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INDIANAPOLIS – Leave it to Baltimore to give the Colts a loss this franchise hasn’t seen since they called Maryland home.

Leading by 19 points late in the third quarter on Monday night, and still by 16 with 10 minutes to go, the Colts fell apart, losing 31-25 in overtime to the Ravens.

What did we learn from the Colts closing out this 5-game stretch at 1-4?


1. Historic Collapse: Whenever they make a list of the most crushing regular season losses in Colts franchise history, this one will be on that list. Leading 22-3 with less than a minute to play in the third quarter, the Colts melted to the finish line. Up until that point, Frank Reich’s team had played one of the finest games of his tenure. But then it all fell apart, in historical fashion. Per ESPN, the Colts had won 120 straight games when leading by at least 16 points in the fourth quarter. Their last loss after holding such a lead was actually the team’s second to last game in Baltimore…in 1983. Monday night was supposed to be a measuring stick for a Colts team that has proven far too often lately that they can’t beat/finish against playoff teams. And the end result Monday was the same old, same old. The Colts have now lost 7 straight games to playoff teams. Injuries have been a storyline for the Colts this season, but they’ve played an even bigger one for the Ravens. And Baltimore is 4-1 through all that and the Colts are 1-4. Just before Monday’s kick, Jim Irsay retweeted Reggie Wayne’s tweet that said “No excuses. Get it done!” Well, now off to a 1-4 start, the Colts are a flawed and mediocre football team that will need something hovering around a miracle to get back into playoff consideration.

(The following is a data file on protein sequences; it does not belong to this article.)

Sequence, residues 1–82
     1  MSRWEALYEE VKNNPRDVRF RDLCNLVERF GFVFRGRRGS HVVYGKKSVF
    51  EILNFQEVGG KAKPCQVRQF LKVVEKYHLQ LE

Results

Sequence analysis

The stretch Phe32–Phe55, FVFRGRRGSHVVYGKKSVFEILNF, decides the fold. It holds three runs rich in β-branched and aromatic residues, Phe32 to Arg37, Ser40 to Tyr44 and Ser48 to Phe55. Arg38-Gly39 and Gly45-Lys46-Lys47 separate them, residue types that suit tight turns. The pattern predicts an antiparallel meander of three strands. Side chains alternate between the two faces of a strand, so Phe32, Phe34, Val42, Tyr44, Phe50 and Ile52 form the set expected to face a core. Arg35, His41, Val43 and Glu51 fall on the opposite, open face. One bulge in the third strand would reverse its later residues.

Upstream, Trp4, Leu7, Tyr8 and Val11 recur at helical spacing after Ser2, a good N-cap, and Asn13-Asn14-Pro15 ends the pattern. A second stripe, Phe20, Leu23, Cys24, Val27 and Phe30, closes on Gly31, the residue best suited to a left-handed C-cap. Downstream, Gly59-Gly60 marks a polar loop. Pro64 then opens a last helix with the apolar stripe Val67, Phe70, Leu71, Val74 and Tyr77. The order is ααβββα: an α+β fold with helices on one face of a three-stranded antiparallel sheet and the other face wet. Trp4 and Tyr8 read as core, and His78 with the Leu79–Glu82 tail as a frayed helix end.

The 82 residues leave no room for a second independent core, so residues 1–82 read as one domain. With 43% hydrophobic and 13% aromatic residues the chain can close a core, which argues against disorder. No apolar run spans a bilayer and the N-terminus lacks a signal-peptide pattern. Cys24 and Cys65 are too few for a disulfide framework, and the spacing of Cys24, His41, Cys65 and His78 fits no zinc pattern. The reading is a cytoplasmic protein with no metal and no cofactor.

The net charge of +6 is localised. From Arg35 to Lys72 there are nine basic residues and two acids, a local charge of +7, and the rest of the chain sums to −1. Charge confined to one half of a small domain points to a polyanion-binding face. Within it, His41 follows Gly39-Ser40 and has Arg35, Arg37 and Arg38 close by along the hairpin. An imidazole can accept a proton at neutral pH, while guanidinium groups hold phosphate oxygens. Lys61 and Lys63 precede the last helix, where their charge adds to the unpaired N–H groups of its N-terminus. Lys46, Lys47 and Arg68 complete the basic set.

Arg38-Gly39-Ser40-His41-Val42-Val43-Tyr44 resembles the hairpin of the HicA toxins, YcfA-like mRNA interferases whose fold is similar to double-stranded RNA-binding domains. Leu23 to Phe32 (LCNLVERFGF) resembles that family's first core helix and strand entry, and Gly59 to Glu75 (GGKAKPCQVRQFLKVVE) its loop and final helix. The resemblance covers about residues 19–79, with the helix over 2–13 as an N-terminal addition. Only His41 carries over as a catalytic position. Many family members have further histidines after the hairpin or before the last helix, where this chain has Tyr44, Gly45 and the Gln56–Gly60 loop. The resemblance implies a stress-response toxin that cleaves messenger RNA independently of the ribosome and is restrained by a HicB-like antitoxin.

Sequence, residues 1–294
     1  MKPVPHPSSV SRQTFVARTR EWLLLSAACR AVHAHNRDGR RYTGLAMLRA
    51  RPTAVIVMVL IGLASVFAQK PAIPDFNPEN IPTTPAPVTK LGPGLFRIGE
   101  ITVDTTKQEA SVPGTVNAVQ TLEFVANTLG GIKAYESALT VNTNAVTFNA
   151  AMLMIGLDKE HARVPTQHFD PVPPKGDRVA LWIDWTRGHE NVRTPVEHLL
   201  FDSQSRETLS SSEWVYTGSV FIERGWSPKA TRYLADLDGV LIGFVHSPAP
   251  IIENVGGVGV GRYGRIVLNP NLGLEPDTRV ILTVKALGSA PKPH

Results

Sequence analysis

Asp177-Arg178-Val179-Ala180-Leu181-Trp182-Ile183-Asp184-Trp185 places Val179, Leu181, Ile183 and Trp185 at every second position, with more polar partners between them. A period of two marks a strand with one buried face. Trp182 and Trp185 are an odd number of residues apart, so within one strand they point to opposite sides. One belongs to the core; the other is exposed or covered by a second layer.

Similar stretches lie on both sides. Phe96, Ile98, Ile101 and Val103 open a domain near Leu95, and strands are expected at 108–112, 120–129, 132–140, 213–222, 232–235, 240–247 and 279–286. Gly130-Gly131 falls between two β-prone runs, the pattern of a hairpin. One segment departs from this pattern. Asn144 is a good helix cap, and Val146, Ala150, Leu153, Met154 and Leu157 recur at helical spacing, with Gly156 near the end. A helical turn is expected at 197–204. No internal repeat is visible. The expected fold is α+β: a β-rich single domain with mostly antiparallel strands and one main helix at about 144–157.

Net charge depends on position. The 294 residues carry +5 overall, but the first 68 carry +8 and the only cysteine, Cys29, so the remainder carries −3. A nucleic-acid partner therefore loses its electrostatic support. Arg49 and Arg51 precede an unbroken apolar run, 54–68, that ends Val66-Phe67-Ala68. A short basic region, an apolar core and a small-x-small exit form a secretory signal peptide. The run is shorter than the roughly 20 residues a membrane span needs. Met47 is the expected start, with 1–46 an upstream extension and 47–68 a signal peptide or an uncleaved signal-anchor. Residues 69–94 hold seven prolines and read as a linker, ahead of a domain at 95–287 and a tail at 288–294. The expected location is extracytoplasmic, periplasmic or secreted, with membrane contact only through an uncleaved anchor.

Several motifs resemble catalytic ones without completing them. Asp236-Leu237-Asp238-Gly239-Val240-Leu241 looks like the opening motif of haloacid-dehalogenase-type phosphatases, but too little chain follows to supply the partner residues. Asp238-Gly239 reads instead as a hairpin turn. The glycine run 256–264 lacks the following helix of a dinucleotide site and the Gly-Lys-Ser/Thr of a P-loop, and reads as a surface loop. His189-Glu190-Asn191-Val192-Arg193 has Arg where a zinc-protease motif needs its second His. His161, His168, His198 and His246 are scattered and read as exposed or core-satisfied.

2. Defense Folds: For a second straight meeting with the Ravens, the Colts put together one of their finest defensive performances, for long, long stretches. But then it all disintegrated on that side of the ball. Far too often in the Matt Eberflus era, we’ve seen the Colts give up non-resistant scores in the 4th quarter. The Indy defense did it last week to Miami, but still held on to win that one. Against the Ravens though, playing with fire led to the defense getting burned this time. The pass rush was (once again) missing. The back end, with depth being exposed at corner and safety, looked confused in whatever coverage was being played. And Lamar Jackson, who entered Sunday ranked 26th in the NFL in completing 60.5 percent of his passes, finished 37-of-43 (86 percent) for 442 yards and 4 touchdowns. At what point will the defensive accountability stop being ignored by the Colts decision makers? Despite gobs of draft capital invested all across the unit, the pass defense remains a constant issue. Schematically, Eberflus’ defense is often referred to as one of the simplest ones to prepare for each week, and that shows with the continued efficiency opposing QBs dial up against Indy. Blame to Chris Ballard, the constructor of said defense and the man who wanted this scheme. Blame to Eberflus, for not having answers, annually, when this problem has persisted. And blame to Frank Reich for not stepping in as the head coach to demand culpability on that side of the ball.